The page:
The Feast of St. Lawrence begins on August 10th with an exclusive, al fresco fine dining event for charity. Two hundred and fifty guests will be seated at two continuous tables on Front Street (between Scott and Church Street) and served a sumptuous five-course dinner prepared by chefs from some of the top restaurants in the St. Lawrence Neighbourhood including Biff's Bistro, Farmr, ARDO, The Hot House Restaurant, The Omni King Edward Hotel, Pearl Diver, The Sultan's Tent and George Brown College. 

Wine pairings from Prince Edward County vineyards and Creemore Springs beer will
be served with the dinner and CC Lounge will present a special Whisky tasting bar. The 18-piece JAZZ.FM91 Youth Big Band will provide added ambiance in the beautifully illuminated Berczy Park lounge area.
The event begins with a reception featuring hors d'oeuvres, wine and beer starting at 6:00 p.m. and ends at 11:00 p.m. 

A portion of ticket sales will be donated to Second Harvest.

Tickets are $200 and are on sale now!

Purchase tickets:

By Phone: call 416 410 9242
Location: Front Street East (between Scott and Church Street)
Friday August 10, 2018 - 6:00 p.m. – 11:00 p.m.

Official Accounts:

Official Hashtags:

Second Harvest: Second Harvest is the largest food rescue organization in Canada and a global thought leader on food recovery. With a goal to drastically reduce the amount of food wasted while ensuring people have access to the good, healthy food they need for success, Second Harvest works across the supply chain from farmer to retail to capture surplus food before it ends up in the landfill and negatively impacts our environment.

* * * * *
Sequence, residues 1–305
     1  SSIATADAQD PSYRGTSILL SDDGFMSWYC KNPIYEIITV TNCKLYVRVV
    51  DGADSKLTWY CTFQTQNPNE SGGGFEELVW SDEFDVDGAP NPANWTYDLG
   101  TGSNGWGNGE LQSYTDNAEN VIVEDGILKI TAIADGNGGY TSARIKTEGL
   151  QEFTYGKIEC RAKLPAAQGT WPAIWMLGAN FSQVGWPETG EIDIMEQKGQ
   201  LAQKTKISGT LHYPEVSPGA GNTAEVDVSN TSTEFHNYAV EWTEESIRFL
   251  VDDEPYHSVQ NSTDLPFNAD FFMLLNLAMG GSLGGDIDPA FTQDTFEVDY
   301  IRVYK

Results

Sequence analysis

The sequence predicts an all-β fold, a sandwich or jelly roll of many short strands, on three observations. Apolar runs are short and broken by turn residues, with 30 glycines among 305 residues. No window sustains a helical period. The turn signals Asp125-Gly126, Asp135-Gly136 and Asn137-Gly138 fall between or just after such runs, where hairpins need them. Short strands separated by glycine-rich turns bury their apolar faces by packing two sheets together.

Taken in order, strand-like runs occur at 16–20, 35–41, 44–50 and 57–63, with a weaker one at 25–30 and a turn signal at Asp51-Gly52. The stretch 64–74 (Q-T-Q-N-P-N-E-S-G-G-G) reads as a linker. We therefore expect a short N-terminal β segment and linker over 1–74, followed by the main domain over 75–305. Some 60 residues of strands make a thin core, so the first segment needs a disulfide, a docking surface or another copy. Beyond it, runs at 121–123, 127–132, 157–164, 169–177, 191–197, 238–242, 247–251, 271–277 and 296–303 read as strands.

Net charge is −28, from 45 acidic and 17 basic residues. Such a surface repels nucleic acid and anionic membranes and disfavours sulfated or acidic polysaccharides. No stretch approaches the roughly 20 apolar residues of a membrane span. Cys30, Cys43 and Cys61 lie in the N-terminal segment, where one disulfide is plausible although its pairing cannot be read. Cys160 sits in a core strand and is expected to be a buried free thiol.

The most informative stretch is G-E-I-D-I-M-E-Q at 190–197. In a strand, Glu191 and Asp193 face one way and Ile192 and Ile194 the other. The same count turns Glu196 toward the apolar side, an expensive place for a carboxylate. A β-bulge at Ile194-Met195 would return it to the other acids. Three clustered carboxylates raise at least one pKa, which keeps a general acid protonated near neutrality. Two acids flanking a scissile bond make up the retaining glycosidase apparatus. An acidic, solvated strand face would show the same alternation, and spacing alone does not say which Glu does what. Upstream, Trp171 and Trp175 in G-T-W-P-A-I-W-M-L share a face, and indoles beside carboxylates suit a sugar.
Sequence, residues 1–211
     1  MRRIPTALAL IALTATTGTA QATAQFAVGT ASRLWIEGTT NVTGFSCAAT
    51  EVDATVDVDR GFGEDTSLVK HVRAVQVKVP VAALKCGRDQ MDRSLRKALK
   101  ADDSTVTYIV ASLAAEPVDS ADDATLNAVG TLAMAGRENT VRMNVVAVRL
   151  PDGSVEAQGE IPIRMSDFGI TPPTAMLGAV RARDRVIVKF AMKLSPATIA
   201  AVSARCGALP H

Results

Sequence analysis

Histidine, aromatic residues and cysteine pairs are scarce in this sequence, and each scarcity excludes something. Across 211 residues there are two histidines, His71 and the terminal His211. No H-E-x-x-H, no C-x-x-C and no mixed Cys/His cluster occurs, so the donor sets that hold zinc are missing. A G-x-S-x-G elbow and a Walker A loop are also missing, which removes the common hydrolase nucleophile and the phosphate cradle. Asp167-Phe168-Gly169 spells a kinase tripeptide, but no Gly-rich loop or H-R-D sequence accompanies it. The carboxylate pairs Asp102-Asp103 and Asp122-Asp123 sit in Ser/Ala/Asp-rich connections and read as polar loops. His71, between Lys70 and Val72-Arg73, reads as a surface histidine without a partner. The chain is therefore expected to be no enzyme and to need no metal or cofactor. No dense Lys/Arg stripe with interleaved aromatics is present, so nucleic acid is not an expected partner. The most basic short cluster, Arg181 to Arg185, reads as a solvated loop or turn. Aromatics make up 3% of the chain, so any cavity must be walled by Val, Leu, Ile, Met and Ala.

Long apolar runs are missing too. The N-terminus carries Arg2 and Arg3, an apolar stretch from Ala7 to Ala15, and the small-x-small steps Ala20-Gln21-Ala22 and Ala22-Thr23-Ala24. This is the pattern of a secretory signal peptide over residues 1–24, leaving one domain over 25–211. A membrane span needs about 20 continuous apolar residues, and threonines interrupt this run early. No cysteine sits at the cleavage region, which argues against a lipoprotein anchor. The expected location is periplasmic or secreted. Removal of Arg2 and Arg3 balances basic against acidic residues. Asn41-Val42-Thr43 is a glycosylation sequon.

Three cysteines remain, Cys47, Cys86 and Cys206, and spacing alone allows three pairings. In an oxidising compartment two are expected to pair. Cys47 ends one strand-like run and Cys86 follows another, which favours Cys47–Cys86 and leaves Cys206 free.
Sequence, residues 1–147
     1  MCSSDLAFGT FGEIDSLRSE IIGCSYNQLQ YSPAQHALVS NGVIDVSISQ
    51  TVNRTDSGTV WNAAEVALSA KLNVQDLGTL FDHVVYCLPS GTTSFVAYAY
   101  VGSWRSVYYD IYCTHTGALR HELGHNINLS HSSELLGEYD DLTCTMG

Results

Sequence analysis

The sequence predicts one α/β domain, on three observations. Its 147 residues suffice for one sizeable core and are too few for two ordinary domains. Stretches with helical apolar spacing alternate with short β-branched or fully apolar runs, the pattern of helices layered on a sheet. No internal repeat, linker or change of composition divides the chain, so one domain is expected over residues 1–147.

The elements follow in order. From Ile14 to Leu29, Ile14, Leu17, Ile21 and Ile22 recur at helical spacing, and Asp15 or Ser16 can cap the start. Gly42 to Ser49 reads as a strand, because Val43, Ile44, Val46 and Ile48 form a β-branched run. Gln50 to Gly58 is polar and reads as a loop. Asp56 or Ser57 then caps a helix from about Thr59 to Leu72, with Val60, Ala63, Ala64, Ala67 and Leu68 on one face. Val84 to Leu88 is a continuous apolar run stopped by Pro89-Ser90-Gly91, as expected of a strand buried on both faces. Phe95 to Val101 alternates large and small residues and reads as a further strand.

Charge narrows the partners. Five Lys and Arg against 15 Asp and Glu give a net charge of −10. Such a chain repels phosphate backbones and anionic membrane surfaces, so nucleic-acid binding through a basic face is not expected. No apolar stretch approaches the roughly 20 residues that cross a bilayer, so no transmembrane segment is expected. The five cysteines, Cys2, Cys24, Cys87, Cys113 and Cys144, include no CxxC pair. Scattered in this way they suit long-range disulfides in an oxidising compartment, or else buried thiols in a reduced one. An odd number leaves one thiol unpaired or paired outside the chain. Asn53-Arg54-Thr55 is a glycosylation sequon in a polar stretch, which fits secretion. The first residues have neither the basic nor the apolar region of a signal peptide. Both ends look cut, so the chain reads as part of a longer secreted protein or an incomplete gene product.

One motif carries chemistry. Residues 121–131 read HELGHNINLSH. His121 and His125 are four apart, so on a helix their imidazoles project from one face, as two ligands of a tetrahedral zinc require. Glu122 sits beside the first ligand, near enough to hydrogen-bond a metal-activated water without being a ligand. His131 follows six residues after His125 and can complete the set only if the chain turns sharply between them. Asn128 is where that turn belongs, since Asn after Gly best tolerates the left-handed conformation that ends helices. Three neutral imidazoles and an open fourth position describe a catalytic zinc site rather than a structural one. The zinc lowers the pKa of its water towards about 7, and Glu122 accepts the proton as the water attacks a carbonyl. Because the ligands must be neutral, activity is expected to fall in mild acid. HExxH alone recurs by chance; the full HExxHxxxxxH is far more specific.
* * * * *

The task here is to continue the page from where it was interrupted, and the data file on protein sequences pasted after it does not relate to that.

Since 1985 we have rescued and delivered more than 127 million pounds of food and prevented over 70 million pounds of greenhouse gas equivalents from entering our atmosphere. Currently, we rescue food from over 470 donors and deliver that food to 253 social service agencies in Toronto and food hubs across Ontario, providing enough food for 30,000 meals a day.

No Waste. No Hunger.



Oyster Station (Pearl Diver)
Whisky Bar (CC Lounge)
Beer Bar (Creemore Springs Brewery)

Biff's Famous Chicken Liver Parfait (Biff's Bistro)
Falafel with Tahini Sauce (The Sultan's Tent)

Stanners Vineyard 2016 Lincoln Lakeshore Riesling / Stanners Vineyard 2016 Prince Edward County Chardonnay / Broken

Stone Winery 2017 Estate Pinot Noir


Chilled Melon Soup with ginger (The Hot House)
Rosehall Run Ceremony Blanc de Blanc Brut

Tagliata di Spada - Nova Scotia Sword fish with Ardo sour dough, breadcrumb green peas mint pure, pickled cipolline


Closson Chase 2017 K. J. Watson Pinot Gris


Pickled Watermelon Salad, local tomatoes cucumber, arugula, finger chilies, tomato vinaigrette, micro basil (Farmr)

Karlo Estates Winery 2017 Frontenac Gris Rose


Ancient grain and hazelnut clusters, roasted summer vegetables, charred pickled onion, petit tender, Chimichurri crema

(Omni King Edward Hotel)

Vegetarian Alternative: Ancient grain and hazelnut clusters, roasted summer vegetables, charred pickled onion, squash

blossoms, carrot cider puree (Omni King Edward Hotel)
Keint-he Winery & Vineyards 2013 Queenston Road Pinot Noir


Tonka Pavlova with Ontario peaches, wild blueberry and basil cream (George Brown College)
S'mores Tart with smoked chocolate, toasted marshmallow and crushed raspberry (George Brown College)